The most frustrating part, and a good example of how taking away the “classical” education has failed children was a young retard complaining about the police scouring social networking sites to find offenders. He actually had the gall to say it was an invasion of his privacy for the police to look over his Bebo page to find out what crimes he has committed. Flabbergasting.

For me, it weakens the real destruction of our privacy when people think things like this are an invasion of privacy. It is like putting a full page advert in a newspaper and then complaining that people reading it are invading your privacy. Idiocy reigns.

* Oddly I cant find this on the real BBC news so I may have dreamed it – but I hope not as I was driving at the time…

Educational Standards

It seems that teaching in UK schools hit the news a bit over the bank holiday weekend (for overseas visitors, I was proven correct this weekend, when I said the May bank holiday is generally the wettest time of the year…).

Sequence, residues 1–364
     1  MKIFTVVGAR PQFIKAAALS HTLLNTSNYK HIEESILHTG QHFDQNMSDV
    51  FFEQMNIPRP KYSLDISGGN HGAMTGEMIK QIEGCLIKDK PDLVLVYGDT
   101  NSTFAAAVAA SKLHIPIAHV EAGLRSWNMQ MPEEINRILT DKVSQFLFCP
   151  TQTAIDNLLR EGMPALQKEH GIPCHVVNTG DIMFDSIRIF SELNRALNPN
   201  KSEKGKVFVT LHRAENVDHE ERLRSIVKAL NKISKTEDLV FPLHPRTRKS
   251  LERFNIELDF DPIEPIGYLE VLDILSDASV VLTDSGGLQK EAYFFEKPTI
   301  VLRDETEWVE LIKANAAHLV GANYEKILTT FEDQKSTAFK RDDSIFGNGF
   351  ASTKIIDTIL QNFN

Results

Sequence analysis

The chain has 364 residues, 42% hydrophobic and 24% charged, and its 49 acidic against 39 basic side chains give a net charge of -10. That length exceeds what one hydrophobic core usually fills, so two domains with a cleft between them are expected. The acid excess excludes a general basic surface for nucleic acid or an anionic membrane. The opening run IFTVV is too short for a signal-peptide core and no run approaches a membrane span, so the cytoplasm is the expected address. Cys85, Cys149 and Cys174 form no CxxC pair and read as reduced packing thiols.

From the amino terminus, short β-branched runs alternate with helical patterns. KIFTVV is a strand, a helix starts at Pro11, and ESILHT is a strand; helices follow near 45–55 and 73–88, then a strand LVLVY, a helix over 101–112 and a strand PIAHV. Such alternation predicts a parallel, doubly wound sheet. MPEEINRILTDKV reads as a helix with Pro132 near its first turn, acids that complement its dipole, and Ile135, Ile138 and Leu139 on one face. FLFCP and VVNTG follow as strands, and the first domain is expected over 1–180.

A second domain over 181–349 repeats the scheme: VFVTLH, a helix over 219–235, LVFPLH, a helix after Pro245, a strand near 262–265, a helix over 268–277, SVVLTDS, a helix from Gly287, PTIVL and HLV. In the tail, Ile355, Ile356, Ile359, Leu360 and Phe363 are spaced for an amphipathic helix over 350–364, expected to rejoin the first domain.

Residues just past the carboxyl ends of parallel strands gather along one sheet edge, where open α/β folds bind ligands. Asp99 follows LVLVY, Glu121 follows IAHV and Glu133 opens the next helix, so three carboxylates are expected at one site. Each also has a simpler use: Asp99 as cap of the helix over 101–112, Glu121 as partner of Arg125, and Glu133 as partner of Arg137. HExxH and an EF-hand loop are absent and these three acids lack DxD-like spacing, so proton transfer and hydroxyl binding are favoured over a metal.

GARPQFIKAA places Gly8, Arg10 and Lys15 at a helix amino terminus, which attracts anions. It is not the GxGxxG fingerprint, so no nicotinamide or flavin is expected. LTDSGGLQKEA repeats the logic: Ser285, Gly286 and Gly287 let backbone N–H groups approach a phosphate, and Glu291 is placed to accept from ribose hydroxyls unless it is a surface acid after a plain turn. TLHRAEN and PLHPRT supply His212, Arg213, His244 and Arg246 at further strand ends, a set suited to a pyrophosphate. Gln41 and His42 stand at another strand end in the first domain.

Nullifidian discusses an article in the Times which reports that the Religious Education Council (REC) is trying to remove a parent’s right to remove their children from a religious education class. This is pretty shocking and as you might imagine the arguments put forward by the REC are riddled with nonsense. It seems they have a “Good Idea” and the best of intentions (and it would do them well to remember the road to hell here…) but, as with most things Religious types get involved with, the practicalities and implementation sucks. When I was at school, RE was 95% Christianity, 4% Judaism and 1% Islam. I don’t recall any other world religion being mentioned, but it was good in teaching me the nonsense and sheer “woo” being spouted by theists. Thank [insert deity of choice] for Science classes…

Also looking at Education, Alun Salt has an excellent discussion about the loss of “Ancient History” as a subject in the UK  (Heather has also mentioned this). It is sad that at the same time the Religious nutters are advocating more and more religion be taught, the basis of a “humanist” society are no longer going to be taught. Will we go to a future where people think the Battle of Thermoplye was a fictional tale? Will we have a society where people think Alexander was actually Irish? This may seem trival, but the lessons (and understanding of society) provided by the classics still underpin the values we live by today. Removing their teaching can only be a step back to the medieval period.

Are Rights ‘Different’?